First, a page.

Bauer S, Wa Mwanza M, Chilengi R, Holmes CB, Zyambo Z, Furrer H, Egger M, Wandeler G, Vinikoor MJ.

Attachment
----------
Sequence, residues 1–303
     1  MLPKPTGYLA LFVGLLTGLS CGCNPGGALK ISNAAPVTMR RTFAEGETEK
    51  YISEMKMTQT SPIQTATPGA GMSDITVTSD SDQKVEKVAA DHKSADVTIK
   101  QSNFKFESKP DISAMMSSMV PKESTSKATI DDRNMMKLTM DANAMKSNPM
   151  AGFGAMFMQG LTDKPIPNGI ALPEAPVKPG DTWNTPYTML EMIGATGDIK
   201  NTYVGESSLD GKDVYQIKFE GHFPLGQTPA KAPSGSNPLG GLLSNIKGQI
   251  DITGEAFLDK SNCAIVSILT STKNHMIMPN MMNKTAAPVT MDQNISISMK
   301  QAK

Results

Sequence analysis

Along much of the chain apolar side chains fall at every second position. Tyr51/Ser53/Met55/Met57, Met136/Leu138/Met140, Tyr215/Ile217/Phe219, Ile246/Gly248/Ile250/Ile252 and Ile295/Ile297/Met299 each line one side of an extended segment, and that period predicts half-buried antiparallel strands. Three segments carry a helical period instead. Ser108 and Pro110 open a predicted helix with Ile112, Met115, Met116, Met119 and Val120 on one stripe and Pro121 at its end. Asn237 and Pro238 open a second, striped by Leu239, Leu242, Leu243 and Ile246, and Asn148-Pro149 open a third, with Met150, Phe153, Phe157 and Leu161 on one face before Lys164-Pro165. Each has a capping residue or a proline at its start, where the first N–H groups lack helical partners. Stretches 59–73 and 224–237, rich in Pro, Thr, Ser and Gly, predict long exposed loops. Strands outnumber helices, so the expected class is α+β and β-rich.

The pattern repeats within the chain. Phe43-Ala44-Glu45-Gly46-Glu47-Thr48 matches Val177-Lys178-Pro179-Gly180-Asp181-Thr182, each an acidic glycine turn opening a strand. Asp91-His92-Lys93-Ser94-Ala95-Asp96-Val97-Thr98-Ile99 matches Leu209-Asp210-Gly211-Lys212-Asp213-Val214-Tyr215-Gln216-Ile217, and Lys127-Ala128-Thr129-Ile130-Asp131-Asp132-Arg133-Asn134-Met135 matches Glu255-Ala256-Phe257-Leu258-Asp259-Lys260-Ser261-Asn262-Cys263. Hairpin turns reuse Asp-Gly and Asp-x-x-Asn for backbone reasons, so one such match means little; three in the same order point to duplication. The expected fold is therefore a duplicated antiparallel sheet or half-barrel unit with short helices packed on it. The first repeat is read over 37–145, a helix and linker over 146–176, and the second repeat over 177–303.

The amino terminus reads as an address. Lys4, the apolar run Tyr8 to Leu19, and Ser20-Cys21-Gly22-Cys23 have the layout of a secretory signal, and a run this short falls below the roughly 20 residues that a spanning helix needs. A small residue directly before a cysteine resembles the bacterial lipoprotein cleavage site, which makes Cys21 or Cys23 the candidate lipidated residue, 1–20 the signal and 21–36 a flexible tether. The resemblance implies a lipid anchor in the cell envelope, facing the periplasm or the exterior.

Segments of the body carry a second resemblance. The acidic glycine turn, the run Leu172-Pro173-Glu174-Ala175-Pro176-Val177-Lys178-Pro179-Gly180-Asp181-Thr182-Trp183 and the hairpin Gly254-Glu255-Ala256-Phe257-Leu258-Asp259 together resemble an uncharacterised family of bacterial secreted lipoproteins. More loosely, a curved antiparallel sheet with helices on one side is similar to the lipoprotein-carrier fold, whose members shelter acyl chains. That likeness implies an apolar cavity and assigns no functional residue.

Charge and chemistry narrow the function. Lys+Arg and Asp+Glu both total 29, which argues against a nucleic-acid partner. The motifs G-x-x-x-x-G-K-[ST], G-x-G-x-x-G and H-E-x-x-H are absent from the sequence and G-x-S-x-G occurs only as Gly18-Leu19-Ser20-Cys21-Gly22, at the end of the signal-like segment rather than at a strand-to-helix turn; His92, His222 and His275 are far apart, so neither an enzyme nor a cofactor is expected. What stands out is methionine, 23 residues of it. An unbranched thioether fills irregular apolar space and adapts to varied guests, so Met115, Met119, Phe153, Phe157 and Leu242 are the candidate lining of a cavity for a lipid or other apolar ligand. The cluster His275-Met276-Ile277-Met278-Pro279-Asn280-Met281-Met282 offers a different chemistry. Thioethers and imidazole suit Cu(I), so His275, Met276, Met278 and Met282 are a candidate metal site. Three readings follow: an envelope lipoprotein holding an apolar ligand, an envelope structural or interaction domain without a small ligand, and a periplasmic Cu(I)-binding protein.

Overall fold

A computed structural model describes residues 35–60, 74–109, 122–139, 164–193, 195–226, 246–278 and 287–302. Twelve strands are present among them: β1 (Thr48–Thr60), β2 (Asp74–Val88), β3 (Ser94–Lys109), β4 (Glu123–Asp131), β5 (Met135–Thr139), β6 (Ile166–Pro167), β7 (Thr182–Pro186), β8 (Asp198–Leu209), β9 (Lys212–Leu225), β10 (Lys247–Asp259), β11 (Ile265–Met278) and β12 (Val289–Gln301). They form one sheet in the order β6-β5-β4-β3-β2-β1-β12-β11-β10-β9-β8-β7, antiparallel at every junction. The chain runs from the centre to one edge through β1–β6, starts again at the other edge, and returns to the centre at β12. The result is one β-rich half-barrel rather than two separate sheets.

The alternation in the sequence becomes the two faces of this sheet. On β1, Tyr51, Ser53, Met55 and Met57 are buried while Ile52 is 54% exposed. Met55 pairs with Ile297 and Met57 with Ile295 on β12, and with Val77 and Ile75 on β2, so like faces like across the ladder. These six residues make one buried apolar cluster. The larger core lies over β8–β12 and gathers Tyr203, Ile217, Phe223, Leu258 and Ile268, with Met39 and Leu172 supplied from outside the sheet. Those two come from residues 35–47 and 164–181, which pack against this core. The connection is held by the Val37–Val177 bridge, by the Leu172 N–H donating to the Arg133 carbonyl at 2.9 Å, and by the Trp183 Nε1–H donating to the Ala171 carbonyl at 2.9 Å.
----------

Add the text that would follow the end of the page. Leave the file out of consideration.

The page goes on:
The prevalence of high blood pressure (HBP) and hypertension (HTN), awareness of the diagnoses, and use of anti-hypertensive drugs were examined among human immunodeficiency virus (HIV)-infected individuals on antiretroviral therapy (ART) in Zambia’s capital Lusaka. Within a prospective cohort based at two public sector ART clinics, BP was measured at ART initiation and every 6 months thereafter as a routine clinic procedure. Predictors of HBP (systolic BP ≥140 mmHg or diastolic BP ≥90 mmHg) during one year on ART were analyzed using logistic regression, and the proportion with HTN (2+ episodes of HBP >3 months apart) described. A phone survey was used to understand patient awareness of HBP, use of anti-hypertensive drugs, and history of cardiovascular events (CVE; myocardial infarction or stroke). Among 896 cohort participants, 887 (99.0%) had at least one BP measurement, 98 (10.9%) had HBP, and 57 (6.4%) had HTN. Increasing age (10-year increase in age: adjusted odds ratio [AOR] = 1.50; 95% confidence interval [CI] 1.20-1.93), male sex (AOR = 2.33, 95% CI 1.43-3.80), and overweight/obesity (AOR = 4.07; 95% CI 1.94-8.53) were associated with HBP. Among 66 patients with HBP, 35 (53.0%) reported awareness of the condition, and nine (25.7%) of these reported having had a CVE. Only 14 (21.2%) of those reached reported ever taking an anti-hypertensive drug, and one (1.5%) was currently on treatment. These data suggest that major improvements are needed in the management of HBP among HIV-infected individuals in settings such as Zambia.